Look for ways to say yes.
On vacation breaks, our kids have different rules. They can stay up later, they get to eat cereal (Lucky Charms is the current favorite), and when they ask to do something, I try to look for a way to say yes. My parents did this for my brother and I on family vacations when we were growing up, and simple things like getting to stay up late watching a movie or having a popsicle at 10am made a huge difference to us. We weren’t just along for our parents’ vacation, we were on vacation too! Normally, if my kiddos ask to have a s’more at 8:00pm on a Tuesday, the answer’s ‘no.’ But on vacation, it is probably a yes. Every family dynamic is different, but this is what we do, and we feel like everybody wins. The kids feel like they’re enjoying a very special moment in time, and mom and dad don’t have to be the constant rule-enforcers.

Do what you actually want to do.
Okay, so you’ve decided to do a beach trip. You’ve saved money, banked vacation time, packed up the car and have driven hours and hours to get to the beach—now you better make every moment count, right?! Everyone needs to be outside, laughing in the sun, swimming with dolphins every second of every day. Soak up every moment, or else. But what if you wake up late and want to do a puzzle? What if 2pm rolls around and everybody wants to take a nap? Try to give yourselves the freedom to do what you actually want to do instead of what you think you should want to do. Yes, you only have a finite number of days at the beach, but trying to force a ‘fun’ agenda or experience has pretty mediocre results, in my experience. Guilt ruins many a vacation—don’t let it get yours.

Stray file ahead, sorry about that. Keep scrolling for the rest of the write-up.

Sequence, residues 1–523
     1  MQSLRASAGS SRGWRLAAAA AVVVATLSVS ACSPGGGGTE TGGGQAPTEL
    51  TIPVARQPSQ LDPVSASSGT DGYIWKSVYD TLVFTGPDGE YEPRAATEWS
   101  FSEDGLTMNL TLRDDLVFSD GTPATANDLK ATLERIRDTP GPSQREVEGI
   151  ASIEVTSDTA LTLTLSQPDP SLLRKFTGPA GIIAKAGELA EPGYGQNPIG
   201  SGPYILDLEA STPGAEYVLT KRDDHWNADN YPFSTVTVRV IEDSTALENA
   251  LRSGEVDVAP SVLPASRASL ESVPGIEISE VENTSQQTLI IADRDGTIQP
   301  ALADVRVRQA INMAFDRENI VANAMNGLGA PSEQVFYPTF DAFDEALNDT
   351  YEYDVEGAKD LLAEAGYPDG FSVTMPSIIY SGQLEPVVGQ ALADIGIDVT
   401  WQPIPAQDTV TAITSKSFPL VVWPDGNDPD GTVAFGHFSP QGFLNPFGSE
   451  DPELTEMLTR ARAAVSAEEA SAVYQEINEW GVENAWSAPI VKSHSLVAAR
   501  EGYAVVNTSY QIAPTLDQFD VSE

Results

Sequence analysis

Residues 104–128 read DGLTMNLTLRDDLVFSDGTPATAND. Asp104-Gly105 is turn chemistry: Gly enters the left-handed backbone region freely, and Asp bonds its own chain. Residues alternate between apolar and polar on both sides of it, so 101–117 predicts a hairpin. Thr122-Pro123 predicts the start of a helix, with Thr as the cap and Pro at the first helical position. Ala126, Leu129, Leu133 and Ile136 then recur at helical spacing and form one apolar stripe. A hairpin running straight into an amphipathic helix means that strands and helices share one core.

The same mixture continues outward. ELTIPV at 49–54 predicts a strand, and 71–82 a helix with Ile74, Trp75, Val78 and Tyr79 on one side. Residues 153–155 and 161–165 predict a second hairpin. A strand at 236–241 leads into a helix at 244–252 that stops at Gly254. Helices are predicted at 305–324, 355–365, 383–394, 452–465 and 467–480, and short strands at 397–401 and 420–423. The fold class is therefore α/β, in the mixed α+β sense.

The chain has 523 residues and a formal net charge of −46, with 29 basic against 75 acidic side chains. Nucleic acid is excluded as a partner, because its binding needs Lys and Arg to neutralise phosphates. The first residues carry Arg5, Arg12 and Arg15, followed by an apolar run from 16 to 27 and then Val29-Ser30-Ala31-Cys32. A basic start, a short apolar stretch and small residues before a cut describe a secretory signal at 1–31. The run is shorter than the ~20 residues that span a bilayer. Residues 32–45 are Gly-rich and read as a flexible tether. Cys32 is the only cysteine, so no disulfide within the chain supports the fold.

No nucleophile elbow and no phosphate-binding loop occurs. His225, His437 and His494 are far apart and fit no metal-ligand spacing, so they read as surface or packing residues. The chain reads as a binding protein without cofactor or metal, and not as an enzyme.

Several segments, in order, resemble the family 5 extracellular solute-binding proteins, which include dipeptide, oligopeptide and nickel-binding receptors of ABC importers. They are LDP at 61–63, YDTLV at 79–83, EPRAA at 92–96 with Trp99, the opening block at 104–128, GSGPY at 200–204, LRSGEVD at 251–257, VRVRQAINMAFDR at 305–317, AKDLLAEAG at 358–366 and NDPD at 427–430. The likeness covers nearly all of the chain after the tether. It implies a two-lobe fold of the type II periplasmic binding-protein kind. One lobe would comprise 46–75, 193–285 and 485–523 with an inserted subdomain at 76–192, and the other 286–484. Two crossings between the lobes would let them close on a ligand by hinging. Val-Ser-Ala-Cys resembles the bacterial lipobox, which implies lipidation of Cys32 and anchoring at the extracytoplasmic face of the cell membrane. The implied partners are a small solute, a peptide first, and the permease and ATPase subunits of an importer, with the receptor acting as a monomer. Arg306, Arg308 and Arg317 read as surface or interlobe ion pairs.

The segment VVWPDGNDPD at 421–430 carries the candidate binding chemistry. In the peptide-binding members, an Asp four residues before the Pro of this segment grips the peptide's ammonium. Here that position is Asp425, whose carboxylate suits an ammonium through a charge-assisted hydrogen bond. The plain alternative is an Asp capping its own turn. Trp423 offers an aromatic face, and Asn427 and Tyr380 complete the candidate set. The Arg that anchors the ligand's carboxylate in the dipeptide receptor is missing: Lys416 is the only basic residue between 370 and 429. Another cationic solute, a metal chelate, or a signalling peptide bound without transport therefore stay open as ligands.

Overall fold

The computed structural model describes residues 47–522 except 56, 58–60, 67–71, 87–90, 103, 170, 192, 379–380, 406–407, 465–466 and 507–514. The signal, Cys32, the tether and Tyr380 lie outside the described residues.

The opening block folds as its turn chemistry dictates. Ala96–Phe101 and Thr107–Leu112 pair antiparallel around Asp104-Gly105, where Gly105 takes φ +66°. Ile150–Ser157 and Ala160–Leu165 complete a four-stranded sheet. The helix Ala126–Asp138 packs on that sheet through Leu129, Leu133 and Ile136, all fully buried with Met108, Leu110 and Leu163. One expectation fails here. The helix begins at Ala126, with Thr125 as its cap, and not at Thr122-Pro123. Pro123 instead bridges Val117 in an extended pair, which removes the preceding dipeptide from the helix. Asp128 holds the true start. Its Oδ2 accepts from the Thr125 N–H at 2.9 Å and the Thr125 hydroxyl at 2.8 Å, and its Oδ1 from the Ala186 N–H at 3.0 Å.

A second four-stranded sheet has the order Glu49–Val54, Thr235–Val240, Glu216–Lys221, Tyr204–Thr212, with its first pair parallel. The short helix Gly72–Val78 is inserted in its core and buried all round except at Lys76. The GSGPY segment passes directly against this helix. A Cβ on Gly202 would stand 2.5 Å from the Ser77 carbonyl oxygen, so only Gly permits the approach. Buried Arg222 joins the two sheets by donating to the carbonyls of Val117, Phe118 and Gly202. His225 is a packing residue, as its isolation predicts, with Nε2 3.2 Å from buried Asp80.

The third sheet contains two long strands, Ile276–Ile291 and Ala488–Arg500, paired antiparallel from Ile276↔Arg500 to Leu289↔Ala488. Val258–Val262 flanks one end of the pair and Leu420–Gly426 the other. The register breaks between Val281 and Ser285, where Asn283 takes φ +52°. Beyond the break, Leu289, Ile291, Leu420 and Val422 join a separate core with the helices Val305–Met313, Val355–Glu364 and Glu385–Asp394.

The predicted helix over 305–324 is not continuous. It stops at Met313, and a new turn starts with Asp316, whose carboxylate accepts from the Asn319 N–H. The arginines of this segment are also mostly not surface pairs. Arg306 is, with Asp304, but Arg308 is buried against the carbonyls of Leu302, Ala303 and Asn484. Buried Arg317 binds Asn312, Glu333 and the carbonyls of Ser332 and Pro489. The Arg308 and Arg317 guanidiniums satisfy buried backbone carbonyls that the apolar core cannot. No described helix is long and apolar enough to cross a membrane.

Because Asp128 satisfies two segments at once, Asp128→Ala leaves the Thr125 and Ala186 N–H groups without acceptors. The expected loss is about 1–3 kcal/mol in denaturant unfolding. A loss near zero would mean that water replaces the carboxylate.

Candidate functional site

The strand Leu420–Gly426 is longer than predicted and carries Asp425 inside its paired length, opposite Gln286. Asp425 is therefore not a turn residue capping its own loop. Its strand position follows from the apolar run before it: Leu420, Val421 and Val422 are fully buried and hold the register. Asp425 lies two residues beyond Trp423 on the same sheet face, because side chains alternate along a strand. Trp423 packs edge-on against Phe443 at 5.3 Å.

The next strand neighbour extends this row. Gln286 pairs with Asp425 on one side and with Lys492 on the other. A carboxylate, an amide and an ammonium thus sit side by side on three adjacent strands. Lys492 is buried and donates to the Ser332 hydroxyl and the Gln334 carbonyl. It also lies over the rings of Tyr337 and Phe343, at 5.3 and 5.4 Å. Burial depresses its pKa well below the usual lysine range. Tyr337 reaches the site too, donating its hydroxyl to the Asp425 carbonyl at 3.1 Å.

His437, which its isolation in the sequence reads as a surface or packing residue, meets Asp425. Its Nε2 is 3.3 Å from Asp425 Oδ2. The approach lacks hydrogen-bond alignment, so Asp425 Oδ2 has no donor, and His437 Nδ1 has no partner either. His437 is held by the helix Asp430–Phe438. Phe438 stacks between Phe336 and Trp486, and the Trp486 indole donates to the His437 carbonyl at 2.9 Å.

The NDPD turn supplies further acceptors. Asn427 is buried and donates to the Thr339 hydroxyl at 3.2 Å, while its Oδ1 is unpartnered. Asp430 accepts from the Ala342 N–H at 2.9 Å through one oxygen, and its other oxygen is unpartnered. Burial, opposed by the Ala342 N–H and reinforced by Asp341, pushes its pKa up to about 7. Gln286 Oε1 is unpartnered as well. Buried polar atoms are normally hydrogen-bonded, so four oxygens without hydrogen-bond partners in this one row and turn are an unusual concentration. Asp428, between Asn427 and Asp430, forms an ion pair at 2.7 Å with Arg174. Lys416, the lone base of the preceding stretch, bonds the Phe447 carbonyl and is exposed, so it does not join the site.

Try to catch the great moments as they’re happening.
Life is life, even on vacation. You’re going to have moments of bliss mixed in with temper tantrums, nights of little or weird sleep, and times you laugh so hard that your abs hurt. The whole spectrum’s always there, and it follows us anywhere we might go. But, the magical thing about vacation is that, hopefully, outside of your normal work-day routine, you’re a little freer to observe and appreciate what’s going on around you. Are your kids laughing hysterically as they fill their bathing suits up with sand? Is your partner smiling ear-to-ear because they’re out of an office and in the warm sun? Did you start happy hour at 3:30pm with a glass of wine you’ve been waiting to open? Put a mental anchor in at those moments; try to remember the sounds, smells, and sights. Try to make those moments vivid memories. You’ll come back to them.

Long story long, let the person that you actually are plan a vacation you and your family will enjoy. Not aspirational you, but regular you. If you want to post pictures of your vacations, of course, do it! But, also, you don’t have to.  Not publicly documenting a trip doesn’t make it less meaningful, and, sometimes, flipping through photos after-the-fact, trying to find the picture where I think I look the prettiest can cheapen the whole experience. I hope you have so much fun this summer, and I hope you do it while being your you-iest self. I’ll try too.


  1. My new go-to response to “how was vacation?” Is “there kids had a great time!”

    I feel more honest saying it, because they do have fun on vacation. And it avoids my truth, which is that we had some good family time, but it was exhausting, not rejuvenating, too expensive, and I have 1000 loads of laundry to catch up on.